The new model drives like a regular 115-117 horsepower Civic, thanks to Honda's Integrated Motor Assist (IMA) gasoline-electric system. IMA uses an 85-horsepower gasoline engine and 13-horsepower electric motor, which seamlessly work together to provide lively acceleration to highway speeds. However, the 65-75 mph passing time is just average with just a driver and no cargo in the car. The Civic Hybrid is quick off the line and hits 60 mph in a decent 11-12 seconds, depending on the transmission. Merging into fast expressway traffic should be no problem. Honda uses its second-generation IMA technology. The system's heart is the high-revving 1.3-liter four-cylinder engine, which is hooked to a high-output electric motor between the engine and transmission.

How It Works
When braking or decelerating, energy is recaptured by the electric motor and stored in the compact battery module for later use. As the car accelerates, stored energy is directed to the high-torque electric motor to supplement the gasoline engine's performance. As with a conventional car, you just twist the ignition key and go.

The 2,661-2,732-pound Civic Hybrid comfortably seats four 6-footers—or five if those in back are on the slim side. It has a large trunk with a low opening, although the lid's hinges eat into space and the inside of the lid has a rough, unfinished look. Those, and such things as a manual hood prop with a cheap plastic clip, make it look as if Honda cut costs to provide lots of equipment while keeping the price down.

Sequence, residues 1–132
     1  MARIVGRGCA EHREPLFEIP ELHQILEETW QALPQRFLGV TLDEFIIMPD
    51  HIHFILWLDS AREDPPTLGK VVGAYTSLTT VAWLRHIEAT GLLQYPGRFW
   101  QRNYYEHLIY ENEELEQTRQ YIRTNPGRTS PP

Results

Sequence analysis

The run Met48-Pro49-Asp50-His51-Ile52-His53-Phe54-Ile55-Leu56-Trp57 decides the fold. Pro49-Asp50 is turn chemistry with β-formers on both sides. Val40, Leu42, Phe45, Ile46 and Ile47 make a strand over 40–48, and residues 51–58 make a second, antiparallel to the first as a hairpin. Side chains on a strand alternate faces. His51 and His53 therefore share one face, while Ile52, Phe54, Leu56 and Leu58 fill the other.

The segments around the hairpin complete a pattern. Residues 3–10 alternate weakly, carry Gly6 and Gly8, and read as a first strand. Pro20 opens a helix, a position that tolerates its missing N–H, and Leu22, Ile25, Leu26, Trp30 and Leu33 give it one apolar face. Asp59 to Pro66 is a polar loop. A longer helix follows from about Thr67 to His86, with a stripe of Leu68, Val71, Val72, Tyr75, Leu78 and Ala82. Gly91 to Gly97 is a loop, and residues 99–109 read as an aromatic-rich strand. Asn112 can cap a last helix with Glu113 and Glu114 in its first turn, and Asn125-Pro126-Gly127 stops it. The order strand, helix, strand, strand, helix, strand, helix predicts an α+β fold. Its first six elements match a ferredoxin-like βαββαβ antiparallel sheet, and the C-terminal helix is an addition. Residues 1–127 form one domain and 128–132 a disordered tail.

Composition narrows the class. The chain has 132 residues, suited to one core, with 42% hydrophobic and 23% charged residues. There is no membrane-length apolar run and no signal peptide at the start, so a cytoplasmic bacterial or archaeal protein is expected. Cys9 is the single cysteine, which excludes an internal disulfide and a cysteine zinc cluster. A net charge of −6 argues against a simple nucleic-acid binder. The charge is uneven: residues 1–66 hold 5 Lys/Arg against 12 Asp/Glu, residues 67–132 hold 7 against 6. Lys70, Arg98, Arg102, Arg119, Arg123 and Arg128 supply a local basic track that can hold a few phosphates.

Many Standard Items
Standard items include automatic climate control, an AM/FM/CD sound system, cruise control, remote keyless entry, premium fabrics, an adjustable steering column, a rear window defroster, and power windows, door locks and mirrors. Safety items for the rigidly built car include side airbags up front.

Upscale Interior
The quiet, upscale interior is airy and has everything from supportive front bucket seats to large controls, nicely placed cupholders and a fair number of storage areas. However, some drivers with long legs will wish that their seat moved back a few inches more. Facing the driver is an electronic instrument display with gauges that show, for instance, when the IMA battery is being charged or when it's providing electrical power assist. Conventional instruments include a tachometer and fuel gauge, which hardly moved during the week when I was testing the car.

Generally Fun to Drive
All 2002 Civics have better ride and handling, so the Civic Hybrid benefits from these improvements. While a bit stiff, the steering is quick. The suspension is supple, although the rigid high-fuel-economy 70-series tires allow a fair number of bumps to be felt. The Civic Hybrid is nimble and thus generally fun to drive despite the skinny tires and narrow 14-inch wheels. The brake pedal has a nice progressive action, and there is an anti-lock system with electronic brake distribution for surer stops. A much larger number of hybrid gasoline-electric cars and light trucks are expected to hit the market within the next few years. So step right up. The future is no farther away than the closest Honda dealer showroom.